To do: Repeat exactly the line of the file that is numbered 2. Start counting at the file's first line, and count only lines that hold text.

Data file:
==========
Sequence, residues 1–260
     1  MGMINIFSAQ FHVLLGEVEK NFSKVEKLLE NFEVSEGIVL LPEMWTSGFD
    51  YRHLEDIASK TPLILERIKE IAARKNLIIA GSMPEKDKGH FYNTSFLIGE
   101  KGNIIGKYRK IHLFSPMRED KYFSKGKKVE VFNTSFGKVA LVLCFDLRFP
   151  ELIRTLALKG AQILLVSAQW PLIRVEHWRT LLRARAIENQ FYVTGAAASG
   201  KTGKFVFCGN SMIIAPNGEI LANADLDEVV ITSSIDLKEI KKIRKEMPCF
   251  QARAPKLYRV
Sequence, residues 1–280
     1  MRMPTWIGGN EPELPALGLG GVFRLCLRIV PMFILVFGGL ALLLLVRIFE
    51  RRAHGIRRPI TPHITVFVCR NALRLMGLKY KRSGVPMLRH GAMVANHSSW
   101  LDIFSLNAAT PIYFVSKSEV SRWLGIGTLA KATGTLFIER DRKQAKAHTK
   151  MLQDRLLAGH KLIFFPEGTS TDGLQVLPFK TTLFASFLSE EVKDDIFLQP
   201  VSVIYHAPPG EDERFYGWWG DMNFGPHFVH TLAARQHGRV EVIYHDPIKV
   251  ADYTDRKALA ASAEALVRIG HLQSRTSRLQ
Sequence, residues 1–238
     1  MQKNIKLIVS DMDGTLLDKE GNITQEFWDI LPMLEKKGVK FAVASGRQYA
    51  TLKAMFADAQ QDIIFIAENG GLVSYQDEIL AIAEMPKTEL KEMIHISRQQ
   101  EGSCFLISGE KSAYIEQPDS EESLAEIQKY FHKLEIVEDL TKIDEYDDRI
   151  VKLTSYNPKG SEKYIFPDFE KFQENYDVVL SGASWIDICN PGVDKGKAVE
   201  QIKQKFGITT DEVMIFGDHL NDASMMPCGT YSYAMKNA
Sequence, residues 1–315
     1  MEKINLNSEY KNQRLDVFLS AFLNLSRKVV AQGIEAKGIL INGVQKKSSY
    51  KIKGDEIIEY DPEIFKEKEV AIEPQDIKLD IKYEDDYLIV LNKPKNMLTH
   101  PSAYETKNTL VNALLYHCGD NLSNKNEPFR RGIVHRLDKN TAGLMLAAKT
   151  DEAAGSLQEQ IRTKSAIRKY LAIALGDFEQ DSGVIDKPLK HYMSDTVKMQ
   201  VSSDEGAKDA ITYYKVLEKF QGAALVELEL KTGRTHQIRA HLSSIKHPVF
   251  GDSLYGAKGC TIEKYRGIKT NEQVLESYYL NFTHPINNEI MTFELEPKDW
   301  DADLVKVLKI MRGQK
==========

     1  MGMINIFSAQ FHVLLGEVEK NFSKVEKLLE NFEVSEGIVL LPEMWTSGFD